The Reluctant Landlord. Romesh (Romesh Ranganathan). Copyright: What Larks Productions.

Norcott also spoke to stand-ups Romesh Ranganathan (pictured) and Mark Watson about how they've adapted during the coronavirus pandemic.

Ranganathan confirmed that his current Misadventures From My Sofa travelogue on BBC Two was a remote substitute for a planned third series in which he once again travelled to another country.

And he revealed that he is launching a new podcast with his King Gary co-star Tom Davis, The Wolf and The Owl. He offered no further details beyond saying: "I'll leave it up to you to decide which of us is which creature".

Watson meanwhile, who has been organising and performing at the Carpool Comedy Club at Hever Castle in Kent this week, shared some of the teething problems drive-in gigs are having establishing conventions of appreciation.

Honking of car horns has been the preferred approach "although, we were asked not to do that midway through last night because very posh people live on this site" he said. "And apparently, they didn't find it as fun to have 700 horns over the course of half an hour as we did."

Several Comedy Store-branded drive-in gigs were cancelled this week amidst fears of further coronavirus flare-ups, while socially distanced outdoor shows set to be headlined by Jimmy Carr were pulled almost as soon as they were announced.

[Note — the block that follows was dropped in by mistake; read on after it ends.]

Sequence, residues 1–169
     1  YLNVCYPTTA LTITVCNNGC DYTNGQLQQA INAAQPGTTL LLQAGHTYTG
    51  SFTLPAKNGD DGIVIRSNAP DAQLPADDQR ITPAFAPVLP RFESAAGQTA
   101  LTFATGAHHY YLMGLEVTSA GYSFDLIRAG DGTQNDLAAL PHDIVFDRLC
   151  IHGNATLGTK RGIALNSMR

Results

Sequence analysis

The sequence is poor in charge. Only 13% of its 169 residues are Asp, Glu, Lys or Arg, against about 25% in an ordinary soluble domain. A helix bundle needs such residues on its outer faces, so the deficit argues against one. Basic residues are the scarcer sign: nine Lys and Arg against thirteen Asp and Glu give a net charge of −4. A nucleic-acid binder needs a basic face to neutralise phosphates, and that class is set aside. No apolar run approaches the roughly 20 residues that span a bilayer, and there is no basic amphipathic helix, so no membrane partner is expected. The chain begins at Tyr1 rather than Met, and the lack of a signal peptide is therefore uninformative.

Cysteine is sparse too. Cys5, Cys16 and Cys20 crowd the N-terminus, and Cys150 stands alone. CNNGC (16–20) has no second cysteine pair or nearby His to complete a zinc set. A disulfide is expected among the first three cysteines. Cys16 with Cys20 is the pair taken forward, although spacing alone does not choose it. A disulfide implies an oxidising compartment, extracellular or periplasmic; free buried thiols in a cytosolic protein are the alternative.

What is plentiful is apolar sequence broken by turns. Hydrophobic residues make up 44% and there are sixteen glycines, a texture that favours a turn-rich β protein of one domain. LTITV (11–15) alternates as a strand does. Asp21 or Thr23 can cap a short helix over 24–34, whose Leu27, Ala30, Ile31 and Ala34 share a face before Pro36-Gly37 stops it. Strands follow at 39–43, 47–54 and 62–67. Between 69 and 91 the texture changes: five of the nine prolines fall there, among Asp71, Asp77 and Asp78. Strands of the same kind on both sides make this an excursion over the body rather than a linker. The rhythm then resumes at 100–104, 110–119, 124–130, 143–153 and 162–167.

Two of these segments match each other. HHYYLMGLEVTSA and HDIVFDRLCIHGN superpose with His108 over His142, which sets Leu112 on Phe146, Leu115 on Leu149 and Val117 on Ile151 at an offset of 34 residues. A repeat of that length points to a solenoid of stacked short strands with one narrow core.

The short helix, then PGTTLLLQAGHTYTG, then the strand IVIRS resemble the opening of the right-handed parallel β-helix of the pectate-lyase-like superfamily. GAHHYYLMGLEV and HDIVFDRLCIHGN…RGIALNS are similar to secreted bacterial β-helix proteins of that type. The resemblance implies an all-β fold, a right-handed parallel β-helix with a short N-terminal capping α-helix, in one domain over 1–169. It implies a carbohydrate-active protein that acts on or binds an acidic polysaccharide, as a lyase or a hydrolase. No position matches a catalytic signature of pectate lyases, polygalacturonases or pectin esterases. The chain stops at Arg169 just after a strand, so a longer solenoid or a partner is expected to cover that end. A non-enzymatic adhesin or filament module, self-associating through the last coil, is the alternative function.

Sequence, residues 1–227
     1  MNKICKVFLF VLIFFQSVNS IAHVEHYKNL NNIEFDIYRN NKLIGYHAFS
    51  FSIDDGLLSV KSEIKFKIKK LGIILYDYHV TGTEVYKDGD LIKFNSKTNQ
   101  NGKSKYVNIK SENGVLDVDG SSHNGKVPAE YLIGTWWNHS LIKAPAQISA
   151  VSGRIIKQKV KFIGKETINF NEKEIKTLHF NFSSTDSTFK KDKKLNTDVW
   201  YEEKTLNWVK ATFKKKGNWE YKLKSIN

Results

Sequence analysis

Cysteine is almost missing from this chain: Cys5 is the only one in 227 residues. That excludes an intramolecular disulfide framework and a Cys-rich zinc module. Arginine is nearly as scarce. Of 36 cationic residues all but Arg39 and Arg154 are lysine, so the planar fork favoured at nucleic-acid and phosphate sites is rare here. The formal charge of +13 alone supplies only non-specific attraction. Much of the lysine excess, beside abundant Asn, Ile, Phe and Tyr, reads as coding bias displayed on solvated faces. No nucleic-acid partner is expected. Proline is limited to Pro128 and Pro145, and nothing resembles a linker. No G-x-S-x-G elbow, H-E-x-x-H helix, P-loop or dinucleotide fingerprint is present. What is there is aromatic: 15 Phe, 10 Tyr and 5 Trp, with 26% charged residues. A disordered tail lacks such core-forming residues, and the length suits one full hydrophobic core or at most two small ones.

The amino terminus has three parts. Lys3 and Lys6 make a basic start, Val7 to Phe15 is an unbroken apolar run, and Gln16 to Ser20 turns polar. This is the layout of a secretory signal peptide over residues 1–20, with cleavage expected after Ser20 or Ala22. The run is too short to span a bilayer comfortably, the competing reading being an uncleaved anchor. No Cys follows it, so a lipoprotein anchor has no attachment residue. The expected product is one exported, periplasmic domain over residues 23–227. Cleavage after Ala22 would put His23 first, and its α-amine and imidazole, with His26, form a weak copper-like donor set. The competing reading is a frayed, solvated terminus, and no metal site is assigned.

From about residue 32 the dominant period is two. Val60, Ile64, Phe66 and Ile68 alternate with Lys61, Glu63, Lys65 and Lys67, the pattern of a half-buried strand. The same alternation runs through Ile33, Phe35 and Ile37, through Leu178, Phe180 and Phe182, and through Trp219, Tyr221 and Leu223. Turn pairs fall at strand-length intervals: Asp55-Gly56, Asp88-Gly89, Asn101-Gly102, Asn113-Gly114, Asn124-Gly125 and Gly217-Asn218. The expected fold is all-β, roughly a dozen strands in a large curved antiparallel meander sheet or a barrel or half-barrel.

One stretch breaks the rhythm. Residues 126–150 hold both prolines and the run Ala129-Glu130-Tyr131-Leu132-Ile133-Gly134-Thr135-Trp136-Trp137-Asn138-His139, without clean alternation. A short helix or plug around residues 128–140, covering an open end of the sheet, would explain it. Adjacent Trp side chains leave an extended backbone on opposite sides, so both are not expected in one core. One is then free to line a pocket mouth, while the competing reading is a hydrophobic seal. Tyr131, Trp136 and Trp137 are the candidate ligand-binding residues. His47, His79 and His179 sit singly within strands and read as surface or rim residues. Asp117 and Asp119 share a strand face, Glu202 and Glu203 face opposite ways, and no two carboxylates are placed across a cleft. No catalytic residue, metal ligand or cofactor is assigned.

The Popup Picnics in Oxfordshire, Surrey, Kent and Cambridge, which would also have featured sets from Hal Cruttenden, Andrew Maxwell and Matt Richardson from July 26, were cancelled on Thursday, the same day that Carr was announced as headlining.

Organiser Toby Darvill told The Oxford Mail: "It is with great regret that we have had to cancel the Popup Picnic 2020 UK tour due to the unforeseen and last minute withdrawal of one of our sponsors.

"Everyone working on the tour was really excited for our first event in Oxfordshire next week - the line-up was amazing and we had loads of interest from the general public, who are keen to get back outdoors and have (safe) fun over the summer holidays - so we are gutted it won't be taking place as planned, and we really hope we can bring the PopUp Picnics back at a later date.

"We can confirm that everyone who purchased a ticket for the tour has been contacted and will be fully refunded. And we would like to take this opportunity to thank everyone who worked with us on putting the tour together, including our team, contractors and artists. Our priority right now, is to ensure they are supported."